Alex Rodriguez, 3B, New York Yankees

by Tim Heaney on April 26, 2007 @ 16:00:00 PDT

 


In his case, being "Mr. April" has actually helped.

After spending his first three seasons in the Bronx developing a penchant for fading in crunch-time moments, Yankees third baseman Alex Rodriguez has single-handedly kept the stalling Yankees afloat among their dried out pitching reservoir.

The A-Bombs have been flying courtesy of the Yankees' hot corner prodigal son. The highest-paid player in baseball has wasted no time trying to shake his demons during 2007, his opt-out year. He has already tied the record with 14 homers in April and won two games by his own bat in the ninth inning in the same week.

Table: A-Rod's April A-Bombs

Week
H-AB
R
HR
RBI
AVG
4/2-4/8
8-21
8
4
11
.381
4/9-4/15
8-22
5
3
7
.364
4/16-4/22
10-27
9
5
13
.370
4/23-4/25
4-8
4
2
3
.500
TOTAL(19 games)
30-78
26
14
34
.385

A start this unworldly reaffirms what A-Rod can do. He had fallen as low as No. 7 on some mock draft boards and selection averages. Now he seems to be speaking to both Yankee fans and fantasy owners. They can surely hear him now.

Gameplan

When a player starts off in this torrid fashion, the person lucky enough to draft him faces that itch to trade him. Managers might be tempted to sell high given the various standard what-ifs - running out of gas, pitchers catching up to him, etc.

In this case, further warning signs can be set off by his recent shortcomings - his mental lapses and failure to produce "in the clutch."

Selling high always sits in the back of the fantasy owner's mind. Owners could get an extremely valuable 2-for-1 deal if they capitalize on this torrid period. If you're sitting in last place right now, you could get a good hitter and a good pitcher.

The A-Rod - Albert Quandary

The debate returns every March: Who is the better fantasy player, A-Rod or St. Louis Cardinals first baseman Albert Pujols? For the past two seasons, it took little time for this question to manifest itself into reality.

Last season, it was Pujols who jolted the box scores on his way to setting the April record with his 14 home runs. Pujols had two multi-homer games, including one three-homer contest.

Table 2: April Explosions: A-Rod vs. Pujols

April
H-AB
R
HR
RBI
AVG
OPS
A-Rod 2007
30-78
26
14
34
.385
1.457
Pujols 2006
28-81
27
14
32
.346
1.423

A-Rod has one-upped Albert in 2007, as he tied the mark with six games to spare. Rodriguez had a hit in each of his first 18 games. Pujols had seven ‘0-fers' last year.

So back to a form of the original question: Should you opportunistically swap A-Rod for Albert, the "other" best fantasy player? It's a tempting thought, but all things being equal, it wouldn't make sense at this point or for the rest of the season.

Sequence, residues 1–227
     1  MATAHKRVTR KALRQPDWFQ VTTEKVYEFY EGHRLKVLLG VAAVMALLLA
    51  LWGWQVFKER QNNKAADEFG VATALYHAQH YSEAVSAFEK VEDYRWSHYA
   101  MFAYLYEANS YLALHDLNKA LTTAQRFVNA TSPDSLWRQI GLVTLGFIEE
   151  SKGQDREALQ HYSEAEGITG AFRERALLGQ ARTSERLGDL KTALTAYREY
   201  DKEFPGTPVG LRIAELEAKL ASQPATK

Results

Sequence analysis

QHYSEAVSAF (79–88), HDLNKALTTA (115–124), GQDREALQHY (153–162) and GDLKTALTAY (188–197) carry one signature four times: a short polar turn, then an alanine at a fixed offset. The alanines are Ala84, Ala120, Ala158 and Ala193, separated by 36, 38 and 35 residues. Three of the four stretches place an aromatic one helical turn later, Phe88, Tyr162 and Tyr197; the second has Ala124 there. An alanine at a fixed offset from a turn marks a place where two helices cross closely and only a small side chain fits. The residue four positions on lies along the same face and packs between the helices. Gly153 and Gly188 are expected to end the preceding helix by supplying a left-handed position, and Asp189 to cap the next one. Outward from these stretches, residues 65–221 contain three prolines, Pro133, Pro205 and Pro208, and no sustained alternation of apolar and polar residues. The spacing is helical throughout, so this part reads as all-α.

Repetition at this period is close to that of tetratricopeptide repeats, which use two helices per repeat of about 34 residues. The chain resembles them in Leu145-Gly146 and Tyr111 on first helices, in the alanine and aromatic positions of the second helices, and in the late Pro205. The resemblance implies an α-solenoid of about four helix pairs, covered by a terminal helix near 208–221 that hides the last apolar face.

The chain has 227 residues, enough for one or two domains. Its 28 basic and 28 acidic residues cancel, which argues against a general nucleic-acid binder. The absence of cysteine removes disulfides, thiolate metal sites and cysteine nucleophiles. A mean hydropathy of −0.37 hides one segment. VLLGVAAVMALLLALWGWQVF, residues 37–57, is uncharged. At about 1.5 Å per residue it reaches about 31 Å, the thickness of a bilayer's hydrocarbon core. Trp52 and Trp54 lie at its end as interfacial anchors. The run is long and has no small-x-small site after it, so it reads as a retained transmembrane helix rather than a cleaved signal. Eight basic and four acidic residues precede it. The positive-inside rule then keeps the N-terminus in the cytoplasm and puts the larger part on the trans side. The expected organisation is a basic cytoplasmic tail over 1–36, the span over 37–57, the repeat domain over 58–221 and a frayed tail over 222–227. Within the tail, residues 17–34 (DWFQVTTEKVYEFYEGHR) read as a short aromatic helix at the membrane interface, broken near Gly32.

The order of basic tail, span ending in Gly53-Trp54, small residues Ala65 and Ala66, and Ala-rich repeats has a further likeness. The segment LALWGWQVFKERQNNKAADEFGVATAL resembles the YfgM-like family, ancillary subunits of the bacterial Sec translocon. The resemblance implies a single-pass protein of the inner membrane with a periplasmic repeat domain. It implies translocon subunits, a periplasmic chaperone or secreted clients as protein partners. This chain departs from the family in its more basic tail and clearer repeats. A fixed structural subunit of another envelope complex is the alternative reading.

A-Rod also provides more opportunities for stolen bases, which basically reads as Pujols with a bonus. The only reason he hasn't run much lately is because he hasn't been in a running situation - he has been too busy trotting. This should change once pitchers start being more careful with him and he gets more walks.

A-Rod also hits in (on paper at least) the most dangerous lineup in baseball, so he will have ample opportunities to either score or drive in runs. Pujols has been pitched around a lot in the last couple of years, and his protection in the lineup isn't nearly as good as A-Rod's.

Pitching Around A-Rod?

Although it's commonplace to assume pitchers won't want a piece of A-Rod, it's way too early to presume this will happen.

With his slot in front of Yankees designated hitter Jason Giambi, pitchers will take their chances that he will fade. Righties especially will not want to pitch around A-Rod to face Giambi, Yankees outfielder Hideki Matsui, etc. He has only been intentionally walked once during his homer parade, and he was pitched to before he hit his second walk-off homer this season, against the Cleveland Indians.

Hurlers have already started to fan out the A-Rod fire, reverting to jamming him and taking away the outside corner, arguably his favorite part of the plate. A-Rod is at his best when he can hit the ball the other way, and the Red Sox staff threw him inside over the weekend. Other than two home runs off pitcher Curt Schilling, A-Rod was once again quiet at Fenway.

This could be a secret boon to A-Rod owners, as pitchers will thus keep challenging him once he settles to a low simmer.

Bottom Line

Although fantasy players should never expect April trends to carry throughout the season, this isn't exactly a crap shoot. This isn't a fluke year like Baltimore Orioles outfielder Brady Anderson of 1996, or even more recently Orioles second baseman Brian Roberts of 2005. This 31-year-old already has 478 career dingers, so he has been there before.

In his Yankee tenure, Rodriguez's athleticism has only been overmatched by his mental downfalls in crunch time. However, the postseason doesn't affect the fantasy manager. A-Rod has tended to heat up during the latter months, hitting 102 homers in August for his career, so as unlikely as it sounds, his best months could be ahead of him.

A-Rod will pretty much be guaranteed to break the 500-homer barrier this year, and a 70-homer year isn't entirely out of his realm. A rock-solid estimate would put him anywhere from 55 to 60.

Do Slim Pickens proud. Ride the A-Bomb all the way to the end.

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About Tim Heaney

Tim's work has been featured by USA Today/Sports Weekly, among numerous outlets, and recognized as a finalist in the Fantasy Sports Writers Association awards. The Boston University alum, who competes in the prestigious LABR and Tout Wars, has won numerous industry leagues in both baseball and football.

He appears frequently, including every Sunday, on Sirius XM Fantasy Sports Radio, as well as every Wednesday on 1570 AM WNST in Baltimore.

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